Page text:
Here’s a great interview with Sarah Jane Shangraw about the thriving practice of yoga and how it can help you lead a more creative lifestyle. Enjoy!
Art Life: People everywhere seem to be carrying around yoga mats with them! Why are they turning to yoga?
SJ: Yoga has exploded in popularity in the last decade; an estimated 20 million Americans practice yoga of some sort! I think this is part of the reason: In the States these days, life moves fast. Too fast. Both business and personal communications have increased in amounts and speed, with ever-evolving technological devices and networks competing for our attention and encouraging us to check-out and live virtually. People suffer from isolation, thoughtless acquisitiveness, financial insecurity, you name it. I think more and more people are seeking relief from the deleterious effects of modern living, an antidote to overwork and chronic stress. They are finding it in the contemplative practices of yoga and meditation.
Art Life: What is the importance behind breathing and poses in yoga? What links them together?
SJ: Bring your attention to your breath and you are connecting the mind (the agent of attention) to the body (where the physical phenomena of breathing happens). Put simply, the breath is a vehicle for mind-body connection. Dwelling in this connection through mindful breathing generates a great sense of calm and ease. Practiced often, it is revolutionary! Adding deliberate manipulation of the breath — changing the rate and proportion of our inhales and exhales, as in pranayama (breathwork) — we can reset the nervous system and metabolic rates. Indeed, we can use our breath to change our mind states — from agitated to calm, sluggish to alert, depressed to invigorated. Using lengthened and steadied breath in asana (poses) helps you to pace and control your movements (say, in vinyasa yoga or viniyoga) and create the steadiness of mind to stay put for longer static (held) poses. In fact, when you breath mindfully and deliberately, a whole lot seems possible that wouldn’t otherwise seem so.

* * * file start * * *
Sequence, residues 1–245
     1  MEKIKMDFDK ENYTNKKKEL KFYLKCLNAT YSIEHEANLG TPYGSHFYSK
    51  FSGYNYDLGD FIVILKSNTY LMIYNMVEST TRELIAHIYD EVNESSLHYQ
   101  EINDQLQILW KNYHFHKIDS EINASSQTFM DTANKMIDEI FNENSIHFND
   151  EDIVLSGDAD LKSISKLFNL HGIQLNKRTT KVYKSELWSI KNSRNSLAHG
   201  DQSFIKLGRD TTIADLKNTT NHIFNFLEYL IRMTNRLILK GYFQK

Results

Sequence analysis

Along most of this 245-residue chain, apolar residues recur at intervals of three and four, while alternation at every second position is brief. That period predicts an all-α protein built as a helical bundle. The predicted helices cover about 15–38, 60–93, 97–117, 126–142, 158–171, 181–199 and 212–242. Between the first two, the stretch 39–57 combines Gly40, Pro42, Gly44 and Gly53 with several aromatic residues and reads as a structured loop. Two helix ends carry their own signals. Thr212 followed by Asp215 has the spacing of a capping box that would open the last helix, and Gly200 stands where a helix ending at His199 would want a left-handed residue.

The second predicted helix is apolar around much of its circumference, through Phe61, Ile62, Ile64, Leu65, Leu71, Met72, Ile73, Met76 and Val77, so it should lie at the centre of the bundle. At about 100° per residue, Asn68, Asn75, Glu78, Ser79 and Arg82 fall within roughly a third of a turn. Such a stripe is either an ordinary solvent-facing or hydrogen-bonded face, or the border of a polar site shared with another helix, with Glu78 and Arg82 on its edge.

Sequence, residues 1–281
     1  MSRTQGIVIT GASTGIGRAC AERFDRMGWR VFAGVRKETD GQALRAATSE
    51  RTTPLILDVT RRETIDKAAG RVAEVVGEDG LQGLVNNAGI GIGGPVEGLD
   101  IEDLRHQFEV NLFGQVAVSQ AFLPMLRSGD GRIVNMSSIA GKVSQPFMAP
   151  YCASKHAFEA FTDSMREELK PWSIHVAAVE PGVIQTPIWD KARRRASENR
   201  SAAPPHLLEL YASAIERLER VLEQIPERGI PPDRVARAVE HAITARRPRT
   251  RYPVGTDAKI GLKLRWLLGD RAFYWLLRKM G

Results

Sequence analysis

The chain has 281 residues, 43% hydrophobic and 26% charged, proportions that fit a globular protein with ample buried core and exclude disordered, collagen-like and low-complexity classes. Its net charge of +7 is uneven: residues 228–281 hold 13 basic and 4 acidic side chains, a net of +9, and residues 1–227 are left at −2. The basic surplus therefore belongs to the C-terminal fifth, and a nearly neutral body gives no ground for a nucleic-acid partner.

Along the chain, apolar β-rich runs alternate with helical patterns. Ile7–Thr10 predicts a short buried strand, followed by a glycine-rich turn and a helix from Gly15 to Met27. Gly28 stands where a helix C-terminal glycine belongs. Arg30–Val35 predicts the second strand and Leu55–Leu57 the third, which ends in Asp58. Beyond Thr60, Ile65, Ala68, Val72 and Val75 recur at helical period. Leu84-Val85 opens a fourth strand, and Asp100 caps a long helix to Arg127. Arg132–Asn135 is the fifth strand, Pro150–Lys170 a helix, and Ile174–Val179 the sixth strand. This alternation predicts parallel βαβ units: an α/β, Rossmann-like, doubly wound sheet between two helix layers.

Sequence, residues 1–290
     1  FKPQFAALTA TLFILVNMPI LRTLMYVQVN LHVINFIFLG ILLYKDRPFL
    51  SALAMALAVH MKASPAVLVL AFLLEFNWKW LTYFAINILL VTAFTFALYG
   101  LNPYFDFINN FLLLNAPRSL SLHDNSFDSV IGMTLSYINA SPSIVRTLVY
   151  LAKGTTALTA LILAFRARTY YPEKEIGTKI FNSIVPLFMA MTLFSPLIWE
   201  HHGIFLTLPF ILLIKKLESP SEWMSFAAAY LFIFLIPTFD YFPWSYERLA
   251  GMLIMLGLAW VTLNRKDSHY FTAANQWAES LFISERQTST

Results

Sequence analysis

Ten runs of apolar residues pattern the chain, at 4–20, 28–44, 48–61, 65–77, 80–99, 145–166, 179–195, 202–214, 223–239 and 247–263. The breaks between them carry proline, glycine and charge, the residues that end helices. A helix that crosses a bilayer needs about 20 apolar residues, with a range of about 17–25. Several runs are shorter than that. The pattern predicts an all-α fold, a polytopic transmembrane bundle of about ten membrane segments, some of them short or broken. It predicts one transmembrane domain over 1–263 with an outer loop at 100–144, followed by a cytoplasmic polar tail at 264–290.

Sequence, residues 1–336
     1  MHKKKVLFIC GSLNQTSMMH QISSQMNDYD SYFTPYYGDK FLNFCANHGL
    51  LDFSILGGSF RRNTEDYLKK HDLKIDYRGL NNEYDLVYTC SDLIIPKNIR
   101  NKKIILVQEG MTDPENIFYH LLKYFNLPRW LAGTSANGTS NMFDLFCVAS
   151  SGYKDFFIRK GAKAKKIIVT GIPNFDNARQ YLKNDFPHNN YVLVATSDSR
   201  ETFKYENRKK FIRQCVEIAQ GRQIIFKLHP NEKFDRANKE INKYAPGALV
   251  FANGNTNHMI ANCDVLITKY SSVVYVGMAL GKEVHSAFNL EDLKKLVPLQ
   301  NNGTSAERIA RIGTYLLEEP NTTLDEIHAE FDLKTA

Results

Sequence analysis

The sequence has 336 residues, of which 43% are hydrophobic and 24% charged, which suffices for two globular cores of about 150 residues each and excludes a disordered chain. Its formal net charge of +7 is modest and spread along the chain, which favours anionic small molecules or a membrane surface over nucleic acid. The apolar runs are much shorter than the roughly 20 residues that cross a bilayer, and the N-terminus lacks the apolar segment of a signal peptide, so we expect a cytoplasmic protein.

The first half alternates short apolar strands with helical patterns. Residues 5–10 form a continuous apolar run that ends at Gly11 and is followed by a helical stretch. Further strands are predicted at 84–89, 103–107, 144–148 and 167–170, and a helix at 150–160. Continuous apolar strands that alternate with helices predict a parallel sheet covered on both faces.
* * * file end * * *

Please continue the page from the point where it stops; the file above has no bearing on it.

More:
Art Life: You provide private classes to students at your studio. What are some of the benefits of private classes over group ones?
SJ: No two people are alike — we don’t all wear size 8 shoe and like broccoli — and we don’t all benefit from the same yoga practice. People who are tight in particular areas of the body will become more facile by doing particular stretches. On the other end of the spectrum, people who are extremely flexible can gain more stability by developing strength. Even with pose modifications, a typical group class accommodates a limited range of people. For a truly transformative practice, you need a sequence customized to you, with your history, injuries, vulnerabilities, capacities, and goals. When people come to see me individually, we do some experimenting and find their yoga. I provide them with a sequence they can practice at home, and for long-term students, I adjust it as their capacities change. Make a tailored yoga practice part of your routine and beware: increased health, well-being, productivity, creativity, and happiness result! I’ve seen people change their bodies, attitudes, and lives through yoga.
Art Life: How can yoga assist someone who has a creative lifestyle and/or is in the field of the arts?
SJ: Yoga is vast and varied and includes all sorts of techniques — including physical poses, pranayama, and meditation. It teaches you how to deal with obstacles such as distraction, boredom, and frustration. (Believe me, these things come up routinely on the mat.) And it cultivates focus, concentration, self-awareness, and discipline. It sets you up to bring your best self to your work and life. Some people use yoga as a way to tap into something larger than themselves, but I think just from living awake we acquire within a rich universe of ideas with which to play. Unfortunately, so much of ourselves remains pushed down, hidden, and covered over by habit, conditioning, and societal expectations. Yoga is a process of uncovering what’s there, and that’s a journey that rewards along the way. Approach your art and your life with open awareness and courageous maturity, and the possibilities are limitless.
SJ: Several years ago, when my father was diagnosed with early-onset Alzheimer’s disease, which can be inherited, I got scared. I was working at a desk job for too many hours a week, I didn’t exercise much, and my body was getting stiff and my mind chronically anxious. I had to make some changes, I realized, or my life would remain uncomfortable. And I might not have as many fully conscious years left as I thought! From dabbling, I knew that yoga could help bring me some balance and improve my health, and so I threw myself into it.
For more information visit Yoga with Sarah Jane.
Photographs by Robert Castagna